The descendants of Samurai live in Spain.
Original text from Wikipedia with Japanese translation.



Coria del Río

Coria del Río is a small town near Seville, on the shores of Guadalquivir river.


スクリーンショット(2013-01-02 18.09.15)

Image: Wikipedia
Coria del Rio

It is popularly known because there are some descendants of the first-ever Japanese official envoy to Spain. Early in the 17th Century Daimyo Date Masamune of Sendai sent a delegation led by Hasekura Tsunenaga to Europe. An embassy was then set up and six samurai stayed on. Approximately 700 of Coria’s 25,000 residents use the surname Japón (originally Hasekura de Japón), identifying them as their descendants. The name first appeared on an official document in 1646. Some babies born within the town are known to display the mongolian spot which is common in Asians.

この町は、日本が初めてスペインに派遣した使節団の子孫がいると一般に知られている。17世紀初頭、仙台藩主伊達政宗が、支倉常長が率いる使節団をヨーロッパに派遣した。そこで公館が設立され、6人の武士が定住した。25,000人のコリア・デル・リオ市民のうち約700人がJapón(元はHasekura de Japón ハセクラ・デ・ハポン)の姓を名のり、当時の武士の子孫であると見なされている。この姓が最初に公文書に登場したのは1646年だった。この町で生まれる乳児には、アジア人特有の蒙古斑が認められる子どもがいる。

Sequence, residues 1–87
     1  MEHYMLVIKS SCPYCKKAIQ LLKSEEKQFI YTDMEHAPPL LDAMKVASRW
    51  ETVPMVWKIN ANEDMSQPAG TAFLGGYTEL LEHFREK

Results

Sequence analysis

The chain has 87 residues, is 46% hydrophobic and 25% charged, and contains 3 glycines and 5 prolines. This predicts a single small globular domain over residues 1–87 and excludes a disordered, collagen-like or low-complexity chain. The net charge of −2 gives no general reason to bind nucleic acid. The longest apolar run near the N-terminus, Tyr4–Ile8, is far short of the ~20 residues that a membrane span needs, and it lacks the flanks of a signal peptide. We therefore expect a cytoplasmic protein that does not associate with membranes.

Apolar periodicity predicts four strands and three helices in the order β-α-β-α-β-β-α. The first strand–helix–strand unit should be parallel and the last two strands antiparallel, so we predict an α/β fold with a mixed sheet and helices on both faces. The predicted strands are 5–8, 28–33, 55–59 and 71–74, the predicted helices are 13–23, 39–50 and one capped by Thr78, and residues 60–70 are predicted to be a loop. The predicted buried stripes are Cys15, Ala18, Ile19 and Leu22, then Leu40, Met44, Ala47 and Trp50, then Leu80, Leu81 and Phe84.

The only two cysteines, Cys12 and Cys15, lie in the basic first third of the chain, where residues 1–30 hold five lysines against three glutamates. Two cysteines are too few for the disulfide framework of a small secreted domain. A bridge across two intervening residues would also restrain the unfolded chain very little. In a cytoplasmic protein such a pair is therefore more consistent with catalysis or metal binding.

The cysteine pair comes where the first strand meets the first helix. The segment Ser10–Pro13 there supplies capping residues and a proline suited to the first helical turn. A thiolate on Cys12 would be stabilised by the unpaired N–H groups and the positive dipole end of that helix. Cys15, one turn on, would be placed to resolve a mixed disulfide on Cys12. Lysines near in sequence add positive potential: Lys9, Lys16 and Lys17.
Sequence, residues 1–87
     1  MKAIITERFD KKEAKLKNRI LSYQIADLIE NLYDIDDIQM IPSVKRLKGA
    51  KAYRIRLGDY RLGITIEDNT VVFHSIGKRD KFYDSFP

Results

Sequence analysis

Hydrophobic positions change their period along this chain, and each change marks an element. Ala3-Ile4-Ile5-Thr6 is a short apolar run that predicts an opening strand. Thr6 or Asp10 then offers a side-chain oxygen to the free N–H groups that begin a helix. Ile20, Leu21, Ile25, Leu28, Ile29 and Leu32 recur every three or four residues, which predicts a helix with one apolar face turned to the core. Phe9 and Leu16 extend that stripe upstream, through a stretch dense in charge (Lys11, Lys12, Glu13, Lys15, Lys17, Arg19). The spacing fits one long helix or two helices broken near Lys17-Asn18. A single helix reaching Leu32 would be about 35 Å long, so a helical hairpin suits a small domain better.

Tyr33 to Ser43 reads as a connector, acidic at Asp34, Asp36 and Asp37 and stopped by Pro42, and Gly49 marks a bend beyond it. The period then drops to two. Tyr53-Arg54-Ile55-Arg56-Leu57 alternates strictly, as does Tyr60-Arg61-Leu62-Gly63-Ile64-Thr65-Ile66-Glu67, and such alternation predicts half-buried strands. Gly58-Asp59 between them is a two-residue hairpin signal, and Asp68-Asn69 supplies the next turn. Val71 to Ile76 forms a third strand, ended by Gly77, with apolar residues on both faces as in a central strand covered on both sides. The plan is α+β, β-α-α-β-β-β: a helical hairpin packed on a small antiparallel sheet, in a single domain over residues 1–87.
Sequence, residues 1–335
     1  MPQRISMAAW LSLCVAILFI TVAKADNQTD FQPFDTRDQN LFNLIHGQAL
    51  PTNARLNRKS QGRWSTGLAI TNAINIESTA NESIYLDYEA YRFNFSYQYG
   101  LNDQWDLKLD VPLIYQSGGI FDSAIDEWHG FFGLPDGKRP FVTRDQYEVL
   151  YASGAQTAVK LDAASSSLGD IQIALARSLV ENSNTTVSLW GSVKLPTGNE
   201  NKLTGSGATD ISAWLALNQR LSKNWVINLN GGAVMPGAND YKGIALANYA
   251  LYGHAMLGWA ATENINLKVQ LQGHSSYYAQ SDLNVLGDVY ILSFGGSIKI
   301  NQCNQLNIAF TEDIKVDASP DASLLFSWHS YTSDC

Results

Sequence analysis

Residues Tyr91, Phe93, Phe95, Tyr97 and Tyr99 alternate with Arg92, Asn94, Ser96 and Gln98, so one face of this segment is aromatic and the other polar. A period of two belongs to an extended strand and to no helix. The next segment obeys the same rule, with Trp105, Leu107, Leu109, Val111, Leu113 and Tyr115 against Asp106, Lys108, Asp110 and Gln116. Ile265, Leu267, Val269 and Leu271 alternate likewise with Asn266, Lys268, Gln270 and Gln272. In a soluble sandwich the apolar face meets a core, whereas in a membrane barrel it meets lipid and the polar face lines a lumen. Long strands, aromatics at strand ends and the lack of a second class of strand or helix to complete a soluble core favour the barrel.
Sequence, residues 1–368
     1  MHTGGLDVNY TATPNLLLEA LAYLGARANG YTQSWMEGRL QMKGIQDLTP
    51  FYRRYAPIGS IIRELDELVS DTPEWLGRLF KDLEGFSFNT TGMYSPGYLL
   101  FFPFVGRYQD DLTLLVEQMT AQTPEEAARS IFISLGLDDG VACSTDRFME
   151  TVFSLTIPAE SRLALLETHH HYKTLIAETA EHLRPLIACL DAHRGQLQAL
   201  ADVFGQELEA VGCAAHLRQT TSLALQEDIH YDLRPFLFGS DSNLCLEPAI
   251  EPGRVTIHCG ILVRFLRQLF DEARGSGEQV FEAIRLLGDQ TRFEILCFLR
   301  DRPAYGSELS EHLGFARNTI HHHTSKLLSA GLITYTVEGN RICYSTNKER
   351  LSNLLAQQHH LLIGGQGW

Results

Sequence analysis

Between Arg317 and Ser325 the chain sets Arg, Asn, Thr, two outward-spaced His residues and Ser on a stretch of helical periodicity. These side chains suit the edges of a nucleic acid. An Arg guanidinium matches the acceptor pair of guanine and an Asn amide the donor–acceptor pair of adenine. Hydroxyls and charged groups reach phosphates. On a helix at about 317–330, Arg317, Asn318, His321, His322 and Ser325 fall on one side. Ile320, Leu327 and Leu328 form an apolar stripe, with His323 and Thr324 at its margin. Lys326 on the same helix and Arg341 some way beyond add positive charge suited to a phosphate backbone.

A statue of Hasekura Tsunenaga was donated to the city by Japan in 1992 and stands watch over the river.


The football club Coria CF hails from Coria del Río.


File:Historic Letter from the Japanese Embassy to Spain.JPG

Image: Wikipedia
Historic letter from the first Japanese embassy in Spain, sent by Daimyo Date Masamune of Sendai in Seville Town Hall.

Image: Wikipedia
Hasekura Tsunenaga and the galleon, named Date Maru by the Japanese and later San Juan Bautista by the Spanish

Image: Wikipedia
A replica of the Japanese-built galleon San Juan Bautista, in Ishinomaki, Japan

Image: Wikipedia
Itinerary and dates of the travels of Hasekura Tsunenaga

Image: Japan Times in 2003
Spaniards whose family name is Japon gather for a Japan Week program Dec. 1. in Coria Del Rio in southern Spain.